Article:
Credit Unions of the Future
No. of credit unions
|England & Wales||
|Great Britain total||
sources: Registry of Friendly Societies(GB), Registry of
19. Recent research(3) reveals that
membership numbers in Great Britain are split almost exactly 50-50
between work-based CUs (working for the same employer, or in the same
locality, or in the same employment organisation) and community CUs
(living in a locality, or belonging to the same community organisation).
Community CUs with a purely geographical common bond are a relative
novelty, compared with employment or associational, especially church-based
ones. Over the years, the number of community CUs has grown steadily,
but the larger average size of the work-based CUs has come to predominate.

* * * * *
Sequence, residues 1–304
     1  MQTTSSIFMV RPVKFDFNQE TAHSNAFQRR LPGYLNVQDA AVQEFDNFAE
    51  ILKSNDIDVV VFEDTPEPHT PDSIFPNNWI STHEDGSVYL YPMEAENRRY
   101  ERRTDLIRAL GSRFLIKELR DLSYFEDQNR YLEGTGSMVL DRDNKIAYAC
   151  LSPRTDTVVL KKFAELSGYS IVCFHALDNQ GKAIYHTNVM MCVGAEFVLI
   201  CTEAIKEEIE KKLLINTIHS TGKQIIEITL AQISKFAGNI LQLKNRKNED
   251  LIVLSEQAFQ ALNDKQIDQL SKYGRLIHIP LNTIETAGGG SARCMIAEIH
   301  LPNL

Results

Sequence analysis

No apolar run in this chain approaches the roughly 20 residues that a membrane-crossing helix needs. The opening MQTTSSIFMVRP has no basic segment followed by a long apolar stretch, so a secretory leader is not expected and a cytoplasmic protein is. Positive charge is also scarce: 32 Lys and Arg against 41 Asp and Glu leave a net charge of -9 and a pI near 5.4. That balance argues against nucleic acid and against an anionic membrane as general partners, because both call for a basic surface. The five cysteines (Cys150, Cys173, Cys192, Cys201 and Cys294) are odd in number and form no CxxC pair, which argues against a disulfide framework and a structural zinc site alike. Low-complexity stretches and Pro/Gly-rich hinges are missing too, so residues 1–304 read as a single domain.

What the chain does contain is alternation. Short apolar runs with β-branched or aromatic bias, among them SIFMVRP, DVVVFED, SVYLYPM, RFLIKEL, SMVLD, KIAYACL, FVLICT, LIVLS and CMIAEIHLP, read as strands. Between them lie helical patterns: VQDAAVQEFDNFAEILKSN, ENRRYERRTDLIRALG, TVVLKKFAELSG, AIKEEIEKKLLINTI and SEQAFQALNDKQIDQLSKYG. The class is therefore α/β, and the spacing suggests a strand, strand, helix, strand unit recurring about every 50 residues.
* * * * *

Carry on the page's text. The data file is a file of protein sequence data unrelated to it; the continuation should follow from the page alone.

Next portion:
Work-based CUs are less than one in six of the total, but they account
for over 70% of the assets.
20. Compared with a number of other countries, the CU movement here is less developed. population %
in a CU
Republic of Ireland 45
As in Britain, recent membership growth in these countries almost
certainly owes much to employment based, as distinct from traditional
community based, CUs. Nevertheless, we feel there is much to be learned
from these overseas movements, in terms of how they have organised
themselves to promote CU growth. This theme is considered further
in chapter 4.
Small scale development of community credit unions
21. Research reveals that, with few - albeit notable - exceptions,
community credit unions are not reaching significant portions of their
target population. The majority have less than 200 members and the
average number of loans on the books of these smaller CUs is 36. Services
are restricted, with 62 percent of all community credit unions only